Reacting to finance minister Nirmala Sitharaman’s proposal that states should borrow to make for the losses on account of non-payment of GST compensation, Punjab finance minister Manpreet Singh Badal sought activation of the disputes resolution mechanism in the Council as provided for in Article 279 of the Constitution.
“I appeal to the Centre that if some states are not agreeable to their proposals, they should not force the solutions on states. The Centre should activate the dispute resolution mechanism in the GST Council, so that states have legal recourse to what they do not agree upon,” he said at a virtual press conference.
Badal also said that the finance ministers of Congress-ruled states are not happy with the outcome of GST Council meeting.
Chief minister of Puducherry V Narayanaswamy, who was also present at the meeting, said it is unfortunate the Centre was not helping the revenue-starved states by honouring its commitment to pay them GST compensation at 14 per cent.
Narayanasamy also said there is a serious flaw in the GST Act as producing states are losing and consuming states are at an advantage under the present GST regime and urged the central government to look into it.
Telangana finance minister Harish Rao pointed out that states have lost 60-70 per cent of their tax revenues after joining the GST regime while the Centre’s loss was pegged at 31 per cent only. The policies pursued by the Centre are benefitting states prone to natural disasters and poor fiscal management. They became disadvantageous to progressive states such as Telangana, the minister said.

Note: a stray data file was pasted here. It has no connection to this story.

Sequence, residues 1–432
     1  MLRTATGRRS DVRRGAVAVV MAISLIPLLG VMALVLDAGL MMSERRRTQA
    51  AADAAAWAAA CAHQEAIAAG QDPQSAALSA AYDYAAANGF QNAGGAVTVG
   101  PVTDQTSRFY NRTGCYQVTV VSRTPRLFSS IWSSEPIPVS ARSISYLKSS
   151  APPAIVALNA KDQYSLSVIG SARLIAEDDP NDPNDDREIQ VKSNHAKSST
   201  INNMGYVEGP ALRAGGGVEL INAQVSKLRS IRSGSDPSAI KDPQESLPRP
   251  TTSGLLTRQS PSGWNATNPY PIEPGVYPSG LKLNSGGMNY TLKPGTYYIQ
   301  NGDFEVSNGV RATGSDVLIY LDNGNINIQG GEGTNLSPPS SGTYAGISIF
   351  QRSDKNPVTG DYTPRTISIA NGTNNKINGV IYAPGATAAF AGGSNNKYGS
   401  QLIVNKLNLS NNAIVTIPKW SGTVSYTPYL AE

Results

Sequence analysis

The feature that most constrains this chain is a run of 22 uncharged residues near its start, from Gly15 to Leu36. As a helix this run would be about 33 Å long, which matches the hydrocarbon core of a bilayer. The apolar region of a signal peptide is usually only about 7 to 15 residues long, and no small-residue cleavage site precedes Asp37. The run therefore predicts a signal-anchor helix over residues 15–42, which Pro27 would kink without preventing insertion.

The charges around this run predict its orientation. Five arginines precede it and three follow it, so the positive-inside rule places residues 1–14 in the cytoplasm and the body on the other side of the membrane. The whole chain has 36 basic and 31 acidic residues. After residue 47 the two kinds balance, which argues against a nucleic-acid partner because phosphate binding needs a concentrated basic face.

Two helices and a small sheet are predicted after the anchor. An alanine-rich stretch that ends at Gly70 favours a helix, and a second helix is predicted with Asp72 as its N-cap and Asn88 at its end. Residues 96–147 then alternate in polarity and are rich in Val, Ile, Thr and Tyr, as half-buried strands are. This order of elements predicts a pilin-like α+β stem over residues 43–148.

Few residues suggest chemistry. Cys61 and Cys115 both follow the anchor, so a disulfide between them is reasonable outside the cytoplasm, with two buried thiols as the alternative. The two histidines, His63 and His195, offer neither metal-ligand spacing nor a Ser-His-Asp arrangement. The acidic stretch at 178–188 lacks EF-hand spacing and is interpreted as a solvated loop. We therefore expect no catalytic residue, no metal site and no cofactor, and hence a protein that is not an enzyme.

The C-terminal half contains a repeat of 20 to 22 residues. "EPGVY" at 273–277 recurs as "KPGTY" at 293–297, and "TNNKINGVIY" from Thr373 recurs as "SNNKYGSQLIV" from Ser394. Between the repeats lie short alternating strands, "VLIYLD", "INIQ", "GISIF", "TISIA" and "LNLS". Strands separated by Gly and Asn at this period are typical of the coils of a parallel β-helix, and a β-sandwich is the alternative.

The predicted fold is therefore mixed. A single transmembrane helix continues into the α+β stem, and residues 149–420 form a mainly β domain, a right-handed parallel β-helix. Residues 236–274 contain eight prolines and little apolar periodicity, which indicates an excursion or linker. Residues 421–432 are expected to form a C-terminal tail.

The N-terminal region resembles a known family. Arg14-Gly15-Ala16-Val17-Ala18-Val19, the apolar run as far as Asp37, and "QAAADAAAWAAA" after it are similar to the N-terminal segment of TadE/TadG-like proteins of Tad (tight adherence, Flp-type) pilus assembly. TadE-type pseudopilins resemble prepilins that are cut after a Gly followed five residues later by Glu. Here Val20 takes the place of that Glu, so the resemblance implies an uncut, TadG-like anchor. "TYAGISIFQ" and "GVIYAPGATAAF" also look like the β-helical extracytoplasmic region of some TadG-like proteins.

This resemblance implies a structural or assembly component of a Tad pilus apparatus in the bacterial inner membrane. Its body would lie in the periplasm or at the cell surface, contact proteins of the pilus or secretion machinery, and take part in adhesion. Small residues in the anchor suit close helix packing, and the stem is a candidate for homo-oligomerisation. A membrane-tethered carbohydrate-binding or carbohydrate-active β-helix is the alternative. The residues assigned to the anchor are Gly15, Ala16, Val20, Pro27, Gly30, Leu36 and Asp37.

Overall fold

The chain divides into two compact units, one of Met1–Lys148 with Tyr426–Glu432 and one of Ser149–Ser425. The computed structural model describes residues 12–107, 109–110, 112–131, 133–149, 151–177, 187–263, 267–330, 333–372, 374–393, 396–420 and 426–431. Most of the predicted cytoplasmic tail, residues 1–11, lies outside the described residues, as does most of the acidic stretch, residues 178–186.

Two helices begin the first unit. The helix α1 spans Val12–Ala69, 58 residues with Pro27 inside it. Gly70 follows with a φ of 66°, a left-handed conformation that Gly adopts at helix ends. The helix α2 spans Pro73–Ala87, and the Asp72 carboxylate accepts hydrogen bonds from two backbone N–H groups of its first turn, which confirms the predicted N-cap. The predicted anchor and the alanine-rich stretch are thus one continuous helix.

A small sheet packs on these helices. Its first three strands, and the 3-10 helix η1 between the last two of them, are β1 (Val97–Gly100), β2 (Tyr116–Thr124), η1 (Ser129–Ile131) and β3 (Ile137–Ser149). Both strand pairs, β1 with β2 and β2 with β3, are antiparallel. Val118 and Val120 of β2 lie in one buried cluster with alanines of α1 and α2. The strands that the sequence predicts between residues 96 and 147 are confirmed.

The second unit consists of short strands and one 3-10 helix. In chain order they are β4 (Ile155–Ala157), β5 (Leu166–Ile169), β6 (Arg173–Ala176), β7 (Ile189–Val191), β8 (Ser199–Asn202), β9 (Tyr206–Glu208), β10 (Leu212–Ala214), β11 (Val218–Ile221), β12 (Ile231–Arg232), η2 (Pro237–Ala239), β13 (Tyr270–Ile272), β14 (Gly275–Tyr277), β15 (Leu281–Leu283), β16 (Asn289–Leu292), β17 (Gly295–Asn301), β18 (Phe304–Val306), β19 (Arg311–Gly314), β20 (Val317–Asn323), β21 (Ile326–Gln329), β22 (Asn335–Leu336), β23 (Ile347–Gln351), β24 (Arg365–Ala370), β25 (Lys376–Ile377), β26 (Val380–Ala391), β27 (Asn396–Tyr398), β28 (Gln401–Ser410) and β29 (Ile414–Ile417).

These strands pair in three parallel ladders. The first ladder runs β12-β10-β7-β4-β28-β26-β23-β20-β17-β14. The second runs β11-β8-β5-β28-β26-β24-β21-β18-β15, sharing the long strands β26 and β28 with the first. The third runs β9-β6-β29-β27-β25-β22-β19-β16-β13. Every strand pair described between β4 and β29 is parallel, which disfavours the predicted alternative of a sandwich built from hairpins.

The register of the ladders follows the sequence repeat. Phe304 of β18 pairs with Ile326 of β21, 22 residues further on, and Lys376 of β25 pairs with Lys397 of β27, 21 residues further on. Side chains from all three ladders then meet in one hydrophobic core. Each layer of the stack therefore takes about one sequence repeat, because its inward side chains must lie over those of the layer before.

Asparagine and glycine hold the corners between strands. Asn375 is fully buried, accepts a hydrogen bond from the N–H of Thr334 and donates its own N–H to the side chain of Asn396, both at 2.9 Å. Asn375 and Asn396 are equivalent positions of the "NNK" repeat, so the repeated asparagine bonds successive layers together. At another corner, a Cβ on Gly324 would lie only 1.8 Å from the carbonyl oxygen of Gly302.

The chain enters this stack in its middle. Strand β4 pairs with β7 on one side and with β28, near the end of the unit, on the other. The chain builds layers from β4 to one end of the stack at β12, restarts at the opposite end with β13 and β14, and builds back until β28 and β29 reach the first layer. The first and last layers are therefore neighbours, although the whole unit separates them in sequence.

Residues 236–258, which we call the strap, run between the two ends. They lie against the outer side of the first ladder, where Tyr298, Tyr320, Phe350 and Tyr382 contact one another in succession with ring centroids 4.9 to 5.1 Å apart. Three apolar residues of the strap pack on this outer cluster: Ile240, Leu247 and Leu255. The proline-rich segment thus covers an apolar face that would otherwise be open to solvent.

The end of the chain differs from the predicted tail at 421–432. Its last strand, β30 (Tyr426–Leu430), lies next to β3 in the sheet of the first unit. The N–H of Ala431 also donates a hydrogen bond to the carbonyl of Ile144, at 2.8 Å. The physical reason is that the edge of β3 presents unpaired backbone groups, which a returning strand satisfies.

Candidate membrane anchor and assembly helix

Urging the Centre to compensate for GST revenue loss due to Covid-19 induced lockdown and floods in the state, Karnataka home minister Basavaraj Bommai said the state’s tax revenue was estimated at Rs 1.8 lakh crore. But, it will be difficult to achieve economic growth of the state.
Underlining that there is a constitutional provision under the GST regulations to pay the state for the shortage in revenue, Bommai insisted that the dues be paid immediately. The cess collected to compensate for the revenue losses to the state goes directly to the Centre.
Meanwhile, deputy chief minister of Delhi Manish Sisoda charged the Centre with failing to fulfil its promise to the states at the launch of the GST regime four years ago. He said that the city government cannot take loan from the Reserve Bank of India (RBI) to meet their reveune shortfall. The Delhi government is expected to have a revenue shortfall of around Rs 21,000 crore in the current financial year.
“The Centre had promised that it will pay GST compensation to states at the rate of 14 percent for five years in case of revenue shortfall. But, today at the GST Council meeting, the Centre refused it, saying there was no provision for compensation in situations like a pandemic,” Sisodia said.
(With PTI inputs)